Indiana Daily Student

IU students, Bloomington groups begin 3-day protest of city’s treatment of unhoused population

<p>People gather together for March To End The Madness on March 18 in Dunn Meadow. Demonstrators gathered in solidarity with the city&#x27;s unhoused community.</p>

People gather together for March To End The Madness on March 18 in Dunn Meadow. Demonstrators gathered in solidarity with the city's unhoused community.

Members of the Bloomington houseless population, local advocacy groups and IU students will participate in three separate demonstrations Thursday, Friday and Saturday to protest the City of Bloomington’s treatment of the poor and homeless.

These demonstrations were organized in direct response to evictions of unhoused encampments and the Bloomington City Council voting down ordinance 21-06, which would have provided protections for encampments.

“Painfully aware of the dire consequences of inaction, an ordinance aimed at decriminalizing sleeping in the park was put before Bloomington’s city council,” the event’s press release said. “They responded, ‘wait’ and voted it down.”

The protests are named “March to End the Madness” in response to Bloomington hosting NCAA men’s basketball tournament games, according to the press release.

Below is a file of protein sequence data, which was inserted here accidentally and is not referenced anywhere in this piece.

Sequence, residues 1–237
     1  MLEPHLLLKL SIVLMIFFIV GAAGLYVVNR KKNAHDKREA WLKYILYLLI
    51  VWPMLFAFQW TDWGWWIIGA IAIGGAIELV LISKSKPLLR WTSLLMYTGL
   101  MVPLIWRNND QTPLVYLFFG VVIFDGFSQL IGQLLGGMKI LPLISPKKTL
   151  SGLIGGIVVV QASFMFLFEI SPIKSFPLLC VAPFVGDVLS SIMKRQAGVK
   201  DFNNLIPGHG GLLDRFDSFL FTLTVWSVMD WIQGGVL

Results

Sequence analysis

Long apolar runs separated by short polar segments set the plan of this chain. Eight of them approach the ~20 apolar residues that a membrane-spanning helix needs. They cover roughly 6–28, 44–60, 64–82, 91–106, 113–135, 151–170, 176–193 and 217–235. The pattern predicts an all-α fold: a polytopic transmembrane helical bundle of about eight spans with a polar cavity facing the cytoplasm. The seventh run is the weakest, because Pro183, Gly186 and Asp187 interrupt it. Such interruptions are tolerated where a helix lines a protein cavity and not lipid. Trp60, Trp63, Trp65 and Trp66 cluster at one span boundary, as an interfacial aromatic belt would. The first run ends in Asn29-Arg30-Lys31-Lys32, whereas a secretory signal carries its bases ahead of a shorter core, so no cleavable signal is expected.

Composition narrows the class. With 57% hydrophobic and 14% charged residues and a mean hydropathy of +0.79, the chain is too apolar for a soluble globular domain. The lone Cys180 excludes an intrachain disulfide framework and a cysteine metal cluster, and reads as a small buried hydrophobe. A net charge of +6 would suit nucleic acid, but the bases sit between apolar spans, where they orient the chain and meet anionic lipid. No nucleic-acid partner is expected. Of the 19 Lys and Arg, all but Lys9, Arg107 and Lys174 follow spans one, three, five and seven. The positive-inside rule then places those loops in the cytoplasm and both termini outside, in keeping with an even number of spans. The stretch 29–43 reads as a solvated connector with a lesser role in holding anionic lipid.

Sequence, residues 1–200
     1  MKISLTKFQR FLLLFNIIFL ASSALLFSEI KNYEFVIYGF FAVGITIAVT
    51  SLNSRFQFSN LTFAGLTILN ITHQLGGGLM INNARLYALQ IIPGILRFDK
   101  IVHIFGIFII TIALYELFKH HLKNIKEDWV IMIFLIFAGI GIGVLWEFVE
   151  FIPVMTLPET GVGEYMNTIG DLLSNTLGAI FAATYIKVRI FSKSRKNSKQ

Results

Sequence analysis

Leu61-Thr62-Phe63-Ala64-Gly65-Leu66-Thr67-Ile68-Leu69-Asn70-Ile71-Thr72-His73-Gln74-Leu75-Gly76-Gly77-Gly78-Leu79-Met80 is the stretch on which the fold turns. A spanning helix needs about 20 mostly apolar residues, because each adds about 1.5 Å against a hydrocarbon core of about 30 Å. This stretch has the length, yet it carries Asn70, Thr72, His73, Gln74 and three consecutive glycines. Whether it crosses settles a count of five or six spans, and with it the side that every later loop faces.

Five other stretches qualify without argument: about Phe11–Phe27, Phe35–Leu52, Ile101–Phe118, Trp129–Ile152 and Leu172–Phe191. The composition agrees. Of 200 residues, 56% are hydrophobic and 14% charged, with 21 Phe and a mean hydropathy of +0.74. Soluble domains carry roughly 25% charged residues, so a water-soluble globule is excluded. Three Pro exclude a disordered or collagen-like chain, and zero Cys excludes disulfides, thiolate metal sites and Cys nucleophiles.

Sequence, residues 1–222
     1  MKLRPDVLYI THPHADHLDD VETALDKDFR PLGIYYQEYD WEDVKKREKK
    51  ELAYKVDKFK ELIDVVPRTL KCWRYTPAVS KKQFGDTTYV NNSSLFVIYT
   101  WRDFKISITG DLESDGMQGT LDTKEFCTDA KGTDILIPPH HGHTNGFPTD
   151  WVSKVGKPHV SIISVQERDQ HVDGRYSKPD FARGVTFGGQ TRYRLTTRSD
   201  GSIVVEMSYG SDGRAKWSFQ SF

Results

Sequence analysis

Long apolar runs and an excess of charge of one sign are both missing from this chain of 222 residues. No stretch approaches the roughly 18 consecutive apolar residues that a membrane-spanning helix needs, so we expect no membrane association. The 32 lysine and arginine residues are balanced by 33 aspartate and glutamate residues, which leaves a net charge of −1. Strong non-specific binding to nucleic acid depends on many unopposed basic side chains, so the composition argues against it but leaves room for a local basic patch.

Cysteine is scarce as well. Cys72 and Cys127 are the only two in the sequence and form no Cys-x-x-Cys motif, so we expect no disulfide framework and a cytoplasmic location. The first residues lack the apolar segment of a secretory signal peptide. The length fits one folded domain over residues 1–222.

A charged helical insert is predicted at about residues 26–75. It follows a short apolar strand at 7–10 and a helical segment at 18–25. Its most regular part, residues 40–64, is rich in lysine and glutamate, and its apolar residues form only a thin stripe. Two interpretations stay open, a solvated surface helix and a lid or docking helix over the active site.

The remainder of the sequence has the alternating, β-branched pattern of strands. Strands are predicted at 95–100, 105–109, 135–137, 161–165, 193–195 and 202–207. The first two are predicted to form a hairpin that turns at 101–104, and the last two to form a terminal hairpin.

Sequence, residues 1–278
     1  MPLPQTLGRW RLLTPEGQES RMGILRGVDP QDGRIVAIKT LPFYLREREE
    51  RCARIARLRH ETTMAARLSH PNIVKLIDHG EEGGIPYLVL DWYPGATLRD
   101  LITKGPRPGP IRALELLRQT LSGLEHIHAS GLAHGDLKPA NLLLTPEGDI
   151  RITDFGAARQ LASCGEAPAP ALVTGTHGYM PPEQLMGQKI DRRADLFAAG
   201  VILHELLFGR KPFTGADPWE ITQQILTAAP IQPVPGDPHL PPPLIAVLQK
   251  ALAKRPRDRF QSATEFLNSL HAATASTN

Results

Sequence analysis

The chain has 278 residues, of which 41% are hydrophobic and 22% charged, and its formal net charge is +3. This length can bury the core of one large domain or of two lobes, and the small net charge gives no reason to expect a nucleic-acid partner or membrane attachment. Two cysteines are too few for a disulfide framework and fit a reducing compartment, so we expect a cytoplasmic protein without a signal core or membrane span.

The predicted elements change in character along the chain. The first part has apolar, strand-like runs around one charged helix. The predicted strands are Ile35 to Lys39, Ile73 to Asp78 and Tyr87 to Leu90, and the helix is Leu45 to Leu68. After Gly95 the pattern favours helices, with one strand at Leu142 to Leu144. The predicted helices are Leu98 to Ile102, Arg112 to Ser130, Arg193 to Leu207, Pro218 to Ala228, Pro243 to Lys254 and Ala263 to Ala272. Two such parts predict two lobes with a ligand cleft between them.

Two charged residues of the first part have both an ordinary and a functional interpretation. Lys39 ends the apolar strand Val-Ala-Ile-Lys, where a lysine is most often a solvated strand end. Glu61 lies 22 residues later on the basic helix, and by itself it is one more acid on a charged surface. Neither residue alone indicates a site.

Related: [Bloomington’s Chamber of Commerce published members’ comments about the unhoused. We fact-checked them.]

“Our city and university choose to focus on a different kind of madness this month — one that invites a flood of sports fans and money to fill the stadium, the restaurants and Bloomington’s hotels,” the press release said. “We refuse to continue scraping together funds for funerals while the city continues the waiting game they’ve played for decades.”

The first event took place from 10 a.m. to 8 p.m. Wednesday in Dunn Meadow. All day, people gathered to participate in discussions, collect donations and plan events for the next two days.

Related: [Bloomington City Council votes down proposal to protect homeless encampments 4-4]

A Limestone Medic Collective member taught attendees basic medic lessons at 7 p.m., such as what to do during an accident and how to handle sprains and strains.

“Even if they don’t know everything, if we could teach them some basic stuff they could assist a medic,” she said.

A medic said one of the reasons she led this training was to see if people would be interested in helping injured people at future protests.

The second day events will take place from 10 a.m. to 8 p.m. Friday in Dunn Meadow. Organizers will conduct a series of solidarity against injustice workshops, such as an art workshop to create protest signs and a workshop on neighborhood zoning.

Related: [How the coronavirus affected Bloomington’s homeless population]

The event will culminate in a march at 10:15 a.m. Saturday starting in Dunn Meadow. People can also watch the march virtually on Facebook.

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